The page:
Wild man in Borneo

Footwork ... the via ferrata on Mount Kinabalu is the highest in the world.

Antony Lawes is exhausted and exhilarated after scaling Mount Kinabalu. And that’s only the start of his day.

The signpost on the track says one kilometre to go – and I’m crushed. At my current speed this means more than an hour of walking and I don’t think I’ve got that much juice left in the tank.

I’ve already been on my feet for 12 hours, half of that time in the pouring rain. I’m drenched and exhausted and in pain. I have certainly lost the sense of wonder I felt watching the sun rise this morning on the summit of this wretched mountain, Kinabalu, and the anticipation of clambering down its sheer cliffs on a guided mountain climb several hours later. I’ve run out of food and water and it feels like I’m no closer to the end than I was an hour ago. I abandon my group at the last rest stop and push on, desperate to end the misery.
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I knew this was going to happen, though. I’ve been bushwalking often enough to understand what the constant downhill strain does to the knees and the morale. I had even been cheerfully predicting our pain the previous day as the five of us and our guide made our way up the mountain, past other grim-faced walkers wincing on their way down.

Walking is like that. You often have to endure hours in hell to be allowed a few minutes in heaven. But no walk I’ve ever done – not in Tasmania’s rugged south-west, the lower reaches of the Himalayas or the steamy valleys of the Top End – was this hard. Maybe I was fitter on those other walks; I was certainly younger. Equally, though, I know of no walk where the heavenly moments are of such staggering beauty that the discomfort is rendered worthwhile. I would cheerfully put myself though it again.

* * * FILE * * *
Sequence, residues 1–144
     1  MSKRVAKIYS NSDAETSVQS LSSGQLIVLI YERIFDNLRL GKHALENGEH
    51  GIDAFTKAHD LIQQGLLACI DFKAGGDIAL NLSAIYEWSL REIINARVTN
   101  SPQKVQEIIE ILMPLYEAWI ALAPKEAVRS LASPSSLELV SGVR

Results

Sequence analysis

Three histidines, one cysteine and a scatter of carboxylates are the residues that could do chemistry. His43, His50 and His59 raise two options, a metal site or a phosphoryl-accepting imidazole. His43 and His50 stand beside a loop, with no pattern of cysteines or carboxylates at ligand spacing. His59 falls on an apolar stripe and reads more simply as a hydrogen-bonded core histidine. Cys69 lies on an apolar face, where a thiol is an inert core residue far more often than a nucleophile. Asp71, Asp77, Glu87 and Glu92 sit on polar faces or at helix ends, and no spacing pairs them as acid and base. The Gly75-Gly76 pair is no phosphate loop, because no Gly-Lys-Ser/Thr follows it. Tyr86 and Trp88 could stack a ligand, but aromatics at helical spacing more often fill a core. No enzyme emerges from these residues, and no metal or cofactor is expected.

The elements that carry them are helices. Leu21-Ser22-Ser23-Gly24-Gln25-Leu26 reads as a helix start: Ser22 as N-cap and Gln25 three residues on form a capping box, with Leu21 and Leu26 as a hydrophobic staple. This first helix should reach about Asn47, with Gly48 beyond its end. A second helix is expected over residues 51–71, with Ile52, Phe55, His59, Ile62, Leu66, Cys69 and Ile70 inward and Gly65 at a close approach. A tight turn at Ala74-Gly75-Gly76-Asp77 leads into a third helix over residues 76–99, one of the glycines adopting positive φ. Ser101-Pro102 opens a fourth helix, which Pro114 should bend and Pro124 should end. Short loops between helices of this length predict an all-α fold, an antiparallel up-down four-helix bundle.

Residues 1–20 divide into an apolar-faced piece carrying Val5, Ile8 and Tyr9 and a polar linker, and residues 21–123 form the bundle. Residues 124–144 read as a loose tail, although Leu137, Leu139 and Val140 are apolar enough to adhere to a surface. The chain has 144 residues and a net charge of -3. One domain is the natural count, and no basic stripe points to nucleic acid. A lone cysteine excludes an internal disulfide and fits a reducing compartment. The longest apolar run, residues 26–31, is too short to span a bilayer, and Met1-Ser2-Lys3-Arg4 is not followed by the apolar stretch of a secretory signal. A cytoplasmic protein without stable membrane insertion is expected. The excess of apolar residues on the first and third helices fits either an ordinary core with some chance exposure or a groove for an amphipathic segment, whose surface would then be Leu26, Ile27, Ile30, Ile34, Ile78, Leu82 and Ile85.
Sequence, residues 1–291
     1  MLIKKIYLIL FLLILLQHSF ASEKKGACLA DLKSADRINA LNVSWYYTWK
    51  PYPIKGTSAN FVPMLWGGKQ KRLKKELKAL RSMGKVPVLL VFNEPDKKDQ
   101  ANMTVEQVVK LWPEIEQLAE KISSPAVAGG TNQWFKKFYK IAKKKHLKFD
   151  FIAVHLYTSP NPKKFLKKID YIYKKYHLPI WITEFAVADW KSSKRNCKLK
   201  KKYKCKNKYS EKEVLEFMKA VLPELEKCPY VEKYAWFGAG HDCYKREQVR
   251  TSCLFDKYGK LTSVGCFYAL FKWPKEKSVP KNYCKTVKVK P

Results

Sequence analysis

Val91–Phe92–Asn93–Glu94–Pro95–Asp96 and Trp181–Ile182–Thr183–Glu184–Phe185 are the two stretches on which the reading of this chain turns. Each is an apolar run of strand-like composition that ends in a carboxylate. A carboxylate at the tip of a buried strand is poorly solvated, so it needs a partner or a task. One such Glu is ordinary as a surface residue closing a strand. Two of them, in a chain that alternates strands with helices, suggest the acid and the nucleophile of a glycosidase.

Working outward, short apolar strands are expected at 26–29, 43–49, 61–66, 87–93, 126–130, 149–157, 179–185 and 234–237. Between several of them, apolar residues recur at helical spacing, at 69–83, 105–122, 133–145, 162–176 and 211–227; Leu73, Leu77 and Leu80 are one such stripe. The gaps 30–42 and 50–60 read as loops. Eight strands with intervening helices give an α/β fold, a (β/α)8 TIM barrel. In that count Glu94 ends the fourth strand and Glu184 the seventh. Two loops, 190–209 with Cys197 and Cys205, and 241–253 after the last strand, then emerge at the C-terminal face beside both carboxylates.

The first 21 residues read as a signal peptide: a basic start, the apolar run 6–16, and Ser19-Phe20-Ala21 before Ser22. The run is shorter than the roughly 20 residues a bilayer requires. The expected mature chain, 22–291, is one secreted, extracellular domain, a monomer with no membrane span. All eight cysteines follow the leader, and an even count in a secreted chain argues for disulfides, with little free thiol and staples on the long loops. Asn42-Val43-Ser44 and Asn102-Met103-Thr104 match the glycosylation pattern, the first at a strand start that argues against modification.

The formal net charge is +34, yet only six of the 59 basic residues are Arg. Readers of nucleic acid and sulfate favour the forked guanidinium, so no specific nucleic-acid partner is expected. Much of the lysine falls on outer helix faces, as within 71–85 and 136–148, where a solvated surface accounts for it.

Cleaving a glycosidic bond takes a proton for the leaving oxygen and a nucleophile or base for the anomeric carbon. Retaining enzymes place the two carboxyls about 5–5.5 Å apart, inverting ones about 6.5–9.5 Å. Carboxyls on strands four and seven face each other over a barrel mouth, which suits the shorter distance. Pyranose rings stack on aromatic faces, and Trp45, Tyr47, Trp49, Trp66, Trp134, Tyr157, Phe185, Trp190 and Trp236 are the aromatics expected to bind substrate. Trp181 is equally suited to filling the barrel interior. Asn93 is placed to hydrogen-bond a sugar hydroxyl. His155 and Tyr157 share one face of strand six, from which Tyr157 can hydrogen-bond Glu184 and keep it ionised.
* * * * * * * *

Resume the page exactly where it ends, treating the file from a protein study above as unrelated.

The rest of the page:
There are some surprising things about Mount Kinabalu, on the northern tip of Borneo, in the Malaysian state of Sabah. At 4095 metres, it’s one of Asia’s highest peaks – and one of its most important. The 750-square-kilometre Kinabalu National Park surrounding the peak was made a World Heritage area a decade ago because of the remarkable diversity of plants and animals found within its borders. According to the administering government body, Sabah Parks, the mountain’s myriad climatic zones, from lowland rainforest to alpine slopes, account for the astonishing number of flowering plants here, including the rafflesia, the world’s largest flower.

That’s not to mention the 600 species of butterfly, 300 different birds and more than 100 mammals. But you’ll have to look hard for some of these riches. While there are plants and flowers aplenty, the only animal we see during the two-day walk, apart from the odd frog and insect, is the pygmy squirrel and that seems to be in plague numbers at most of the shelters along the route.